DR. O’CONNOR, for example, lifts weights for health, for enjoyment and for vanity’s sake (he does not want an emaciated upper body, he said), but stops lifting when he is training to run a marathon. Those muscles, he said, “are just dead weight you have to carry around.” He adds that a sport like rowing, swimming or running requires specific muscles and nerve-firing patterns that may best be developed by actually doing the sport.
“If your goal is to improve running performance, then weight training should probably mimic the running pattern,” he said. “If you do leg extensions, you can get stronger, but people don’t run like that.”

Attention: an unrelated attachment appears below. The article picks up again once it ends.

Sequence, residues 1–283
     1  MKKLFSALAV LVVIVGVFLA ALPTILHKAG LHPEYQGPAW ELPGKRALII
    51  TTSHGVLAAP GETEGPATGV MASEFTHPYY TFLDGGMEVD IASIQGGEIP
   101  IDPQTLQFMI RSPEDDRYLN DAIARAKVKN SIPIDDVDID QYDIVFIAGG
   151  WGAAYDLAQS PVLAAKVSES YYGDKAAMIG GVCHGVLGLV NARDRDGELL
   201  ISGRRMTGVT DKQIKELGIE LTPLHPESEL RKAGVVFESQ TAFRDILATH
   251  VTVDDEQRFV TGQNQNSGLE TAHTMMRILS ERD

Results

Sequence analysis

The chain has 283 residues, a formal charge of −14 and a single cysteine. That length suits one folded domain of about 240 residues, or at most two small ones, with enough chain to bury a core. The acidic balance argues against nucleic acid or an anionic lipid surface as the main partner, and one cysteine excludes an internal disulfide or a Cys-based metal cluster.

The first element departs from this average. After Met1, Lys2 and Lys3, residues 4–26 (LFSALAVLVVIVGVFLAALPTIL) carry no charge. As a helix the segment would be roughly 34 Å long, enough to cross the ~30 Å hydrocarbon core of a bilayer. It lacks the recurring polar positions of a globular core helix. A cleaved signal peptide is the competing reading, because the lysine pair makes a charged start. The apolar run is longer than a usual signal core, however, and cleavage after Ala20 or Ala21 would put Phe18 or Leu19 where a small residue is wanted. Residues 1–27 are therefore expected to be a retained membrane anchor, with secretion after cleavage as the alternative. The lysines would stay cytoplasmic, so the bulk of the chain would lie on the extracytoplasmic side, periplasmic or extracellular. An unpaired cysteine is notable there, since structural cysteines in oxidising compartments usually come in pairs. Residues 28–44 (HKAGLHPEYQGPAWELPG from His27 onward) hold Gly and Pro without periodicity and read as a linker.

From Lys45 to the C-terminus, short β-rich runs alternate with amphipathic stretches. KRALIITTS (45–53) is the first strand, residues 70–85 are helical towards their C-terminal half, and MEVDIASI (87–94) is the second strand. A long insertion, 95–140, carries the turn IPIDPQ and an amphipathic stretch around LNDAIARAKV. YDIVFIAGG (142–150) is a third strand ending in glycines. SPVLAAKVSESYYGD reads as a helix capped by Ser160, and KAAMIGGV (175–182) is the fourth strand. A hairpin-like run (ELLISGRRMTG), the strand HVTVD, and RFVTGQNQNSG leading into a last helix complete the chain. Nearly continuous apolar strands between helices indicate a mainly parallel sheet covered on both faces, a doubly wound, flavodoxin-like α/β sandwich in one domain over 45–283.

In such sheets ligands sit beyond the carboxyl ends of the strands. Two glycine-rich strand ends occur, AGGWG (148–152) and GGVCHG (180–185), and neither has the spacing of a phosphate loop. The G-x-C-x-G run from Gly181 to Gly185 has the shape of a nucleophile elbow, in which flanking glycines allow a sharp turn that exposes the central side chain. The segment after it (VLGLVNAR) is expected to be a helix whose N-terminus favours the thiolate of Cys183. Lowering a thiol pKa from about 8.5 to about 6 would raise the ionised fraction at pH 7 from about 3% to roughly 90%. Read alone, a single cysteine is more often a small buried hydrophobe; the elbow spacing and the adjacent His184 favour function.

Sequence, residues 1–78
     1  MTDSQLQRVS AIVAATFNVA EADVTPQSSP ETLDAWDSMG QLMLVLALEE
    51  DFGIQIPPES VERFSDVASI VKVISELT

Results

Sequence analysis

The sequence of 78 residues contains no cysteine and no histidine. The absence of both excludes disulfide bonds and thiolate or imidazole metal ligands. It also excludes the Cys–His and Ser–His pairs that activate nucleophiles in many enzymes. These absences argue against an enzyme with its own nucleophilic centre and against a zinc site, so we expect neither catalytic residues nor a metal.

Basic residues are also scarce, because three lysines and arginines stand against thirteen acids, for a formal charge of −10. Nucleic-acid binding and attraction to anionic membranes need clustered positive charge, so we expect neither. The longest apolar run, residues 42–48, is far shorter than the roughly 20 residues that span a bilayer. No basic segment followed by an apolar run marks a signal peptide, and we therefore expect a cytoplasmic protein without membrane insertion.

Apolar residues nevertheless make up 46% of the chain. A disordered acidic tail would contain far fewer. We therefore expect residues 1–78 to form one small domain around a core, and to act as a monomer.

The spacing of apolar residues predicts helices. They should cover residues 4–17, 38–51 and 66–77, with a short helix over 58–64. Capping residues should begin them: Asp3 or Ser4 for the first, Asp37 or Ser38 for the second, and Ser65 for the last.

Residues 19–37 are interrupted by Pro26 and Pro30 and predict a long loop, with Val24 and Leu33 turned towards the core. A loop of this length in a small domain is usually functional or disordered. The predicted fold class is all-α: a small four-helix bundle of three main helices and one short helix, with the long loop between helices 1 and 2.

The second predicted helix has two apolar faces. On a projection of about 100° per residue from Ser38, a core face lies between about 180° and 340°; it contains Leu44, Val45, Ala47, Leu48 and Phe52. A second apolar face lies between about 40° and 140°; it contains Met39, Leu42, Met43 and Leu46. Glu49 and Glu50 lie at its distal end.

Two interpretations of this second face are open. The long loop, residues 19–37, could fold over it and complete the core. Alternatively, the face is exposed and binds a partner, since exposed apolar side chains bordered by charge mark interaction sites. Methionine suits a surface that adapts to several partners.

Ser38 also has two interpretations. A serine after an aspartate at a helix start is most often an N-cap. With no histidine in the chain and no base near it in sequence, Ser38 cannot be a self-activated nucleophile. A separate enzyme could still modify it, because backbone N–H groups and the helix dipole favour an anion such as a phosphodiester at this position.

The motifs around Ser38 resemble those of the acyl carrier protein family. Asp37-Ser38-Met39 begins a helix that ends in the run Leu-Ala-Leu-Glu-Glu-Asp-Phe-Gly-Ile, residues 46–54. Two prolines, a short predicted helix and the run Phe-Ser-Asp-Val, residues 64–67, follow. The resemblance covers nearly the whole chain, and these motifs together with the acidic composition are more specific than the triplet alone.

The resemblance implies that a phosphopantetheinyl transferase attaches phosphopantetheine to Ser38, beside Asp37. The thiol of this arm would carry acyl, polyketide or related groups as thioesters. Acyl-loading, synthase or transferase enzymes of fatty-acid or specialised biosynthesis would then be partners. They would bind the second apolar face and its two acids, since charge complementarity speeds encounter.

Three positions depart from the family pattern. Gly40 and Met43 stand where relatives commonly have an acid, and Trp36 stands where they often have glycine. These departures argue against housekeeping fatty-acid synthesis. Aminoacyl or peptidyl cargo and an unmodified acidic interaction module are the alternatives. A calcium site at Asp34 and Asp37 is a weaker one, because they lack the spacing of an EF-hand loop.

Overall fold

That’s pretty much what Cathy O’Brien, a 40-year-old distance runner, thinks. She started racing when she was 12 and ran the marathon in the 1988 and 1992 Olympic Games.
“As far as resistance training, I have always been a minimalist,” she said. She does push-ups, pull-ups and dips for her upper body, and abdominal exercises, but does not work her legs.
“I think that running is the best thing for running results, ” Ms. O’Brien said.
Kevin Hanson, a coach for the Hansons-Brooks team of distance runners, is of like mind.
“We do some weight training,” he said. But other than some abdominal exercises, “everything we do is for the upper body.”
He has a ready answer for runners who ask about doing exercises for their legs.
“You let me know if you think we are not working your legs enough,” Mr. Hanson said. “There’s a lot more we can do to beat you up. But you don’t have to lift weights.”